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Re: Points to Ponder
« Reply #875 on: August 01, 2021, 10:00:47 am »
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...the situation on staffing is actually a crisis in many towns and cities in the U.K.
Llandudno is particularly badly affected, with a large percentage of the hotel staff having been from EU countries can not, or will not return.

And the hotels often have only themselves to blame, as they made a large number of their key staff redundant.
“Nothing is so firmly believed as that which we least know.”   ― Michel de Montaigne

Si hoc legere scis, nimis eruditionis habes.

Offline SteveH

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Re: Points to Ponder
« Reply #876 on: August 01, 2021, 10:01:23 am »
A piece this morning, adding to the employment problem.......

Covid: One in five firms plan job cuts as furlough tapers - survey

The British Chamber of Commerce said extra training was needed to deal with thousands of redundancies predicted.

From Sunday, government payments reduce to 60% towards salaries, with employers paying 20%.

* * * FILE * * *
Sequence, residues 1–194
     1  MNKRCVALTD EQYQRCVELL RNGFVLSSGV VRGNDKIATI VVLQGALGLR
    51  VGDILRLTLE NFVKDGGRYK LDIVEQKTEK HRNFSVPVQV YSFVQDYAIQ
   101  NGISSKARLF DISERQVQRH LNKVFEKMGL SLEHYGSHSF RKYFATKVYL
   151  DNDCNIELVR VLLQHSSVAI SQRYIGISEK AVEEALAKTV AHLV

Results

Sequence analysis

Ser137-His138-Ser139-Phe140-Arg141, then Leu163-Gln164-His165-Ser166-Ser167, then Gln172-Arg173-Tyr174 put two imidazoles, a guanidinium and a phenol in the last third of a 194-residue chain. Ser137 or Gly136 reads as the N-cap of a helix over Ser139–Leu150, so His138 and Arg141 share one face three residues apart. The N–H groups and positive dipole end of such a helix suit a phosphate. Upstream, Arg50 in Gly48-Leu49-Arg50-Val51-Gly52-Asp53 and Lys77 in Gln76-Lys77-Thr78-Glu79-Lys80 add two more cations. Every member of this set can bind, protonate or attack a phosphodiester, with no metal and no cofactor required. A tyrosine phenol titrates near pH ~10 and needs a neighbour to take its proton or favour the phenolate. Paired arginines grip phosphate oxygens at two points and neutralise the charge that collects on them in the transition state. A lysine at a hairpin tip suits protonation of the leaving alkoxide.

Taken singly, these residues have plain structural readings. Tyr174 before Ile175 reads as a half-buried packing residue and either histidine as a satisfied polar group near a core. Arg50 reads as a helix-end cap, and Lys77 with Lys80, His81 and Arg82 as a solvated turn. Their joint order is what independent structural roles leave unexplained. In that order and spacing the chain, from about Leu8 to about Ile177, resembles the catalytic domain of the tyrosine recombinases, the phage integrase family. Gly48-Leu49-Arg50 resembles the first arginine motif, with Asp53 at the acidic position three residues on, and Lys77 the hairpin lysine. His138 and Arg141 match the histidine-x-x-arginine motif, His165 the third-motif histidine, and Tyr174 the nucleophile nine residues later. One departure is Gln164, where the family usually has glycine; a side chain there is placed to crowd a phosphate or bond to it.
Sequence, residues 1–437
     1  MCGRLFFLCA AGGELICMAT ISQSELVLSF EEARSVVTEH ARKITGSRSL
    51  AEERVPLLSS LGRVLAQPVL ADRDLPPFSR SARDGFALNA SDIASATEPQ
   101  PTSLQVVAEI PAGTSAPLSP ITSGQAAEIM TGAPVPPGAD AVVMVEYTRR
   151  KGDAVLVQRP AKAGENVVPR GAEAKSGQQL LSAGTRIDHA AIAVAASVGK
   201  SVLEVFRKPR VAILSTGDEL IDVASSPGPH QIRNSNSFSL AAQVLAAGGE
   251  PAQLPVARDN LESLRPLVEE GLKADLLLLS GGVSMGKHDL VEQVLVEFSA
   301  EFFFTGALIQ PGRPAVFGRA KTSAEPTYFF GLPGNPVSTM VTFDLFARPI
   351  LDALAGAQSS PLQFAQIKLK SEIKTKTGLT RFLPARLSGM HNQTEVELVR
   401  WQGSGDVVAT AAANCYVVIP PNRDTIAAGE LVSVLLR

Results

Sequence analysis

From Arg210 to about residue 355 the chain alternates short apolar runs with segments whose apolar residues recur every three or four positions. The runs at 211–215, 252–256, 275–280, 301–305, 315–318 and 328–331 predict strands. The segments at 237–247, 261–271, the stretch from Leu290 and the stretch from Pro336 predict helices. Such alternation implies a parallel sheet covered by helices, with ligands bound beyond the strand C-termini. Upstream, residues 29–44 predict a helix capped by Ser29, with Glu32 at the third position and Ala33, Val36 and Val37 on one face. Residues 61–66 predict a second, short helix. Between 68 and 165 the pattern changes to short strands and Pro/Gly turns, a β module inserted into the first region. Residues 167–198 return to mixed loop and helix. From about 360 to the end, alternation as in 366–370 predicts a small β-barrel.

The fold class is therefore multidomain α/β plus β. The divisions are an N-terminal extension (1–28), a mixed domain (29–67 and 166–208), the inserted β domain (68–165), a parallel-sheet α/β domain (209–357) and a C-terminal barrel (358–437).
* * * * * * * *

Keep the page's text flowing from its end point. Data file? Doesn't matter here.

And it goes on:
The government said the approach was "right" and meant "we can focus support elsewhere" as the economy recovers.

According to the most recent figures up to 30 June, about 1.9m workers were on furlough, down from a peak of 5.1m in January.

The government said 11.6 million jobs have been supported since the Job Retention Scheme launched in April 2020.

The scheme is due to close at the end of September.

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Re: Points to Ponder
« Reply #876 on: August 01, 2021, 10:01:23 am »


Offline SteveH

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Re: Points to Ponder
« Reply #877 on: August 05, 2021, 10:07:39 am »
I did not know about this legality, and if I had seen the same thing, I would have been worried, despite the religious aspect, it still  seems a very liberal law.

Sikh man Prabjot Singh was left "embarrassed" after being kicked out on a trip to North Wales with pals.

The incident unfolded after Mr Singh travelled from the West Midlands on July 30.

The families had visited Aber Falls before heading to Tir Prince Fun Park in Towyn, Conwy.
Staff at the park noticed the six-inch kirpan around his waist.

A kirpan is a religious sword or dagger which Amritdharis must wear.
And they are legally allowed to do so in the UK for religious reasons under the Offensive Weapons Bill.

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Offline Hugo

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Re: Points to Ponder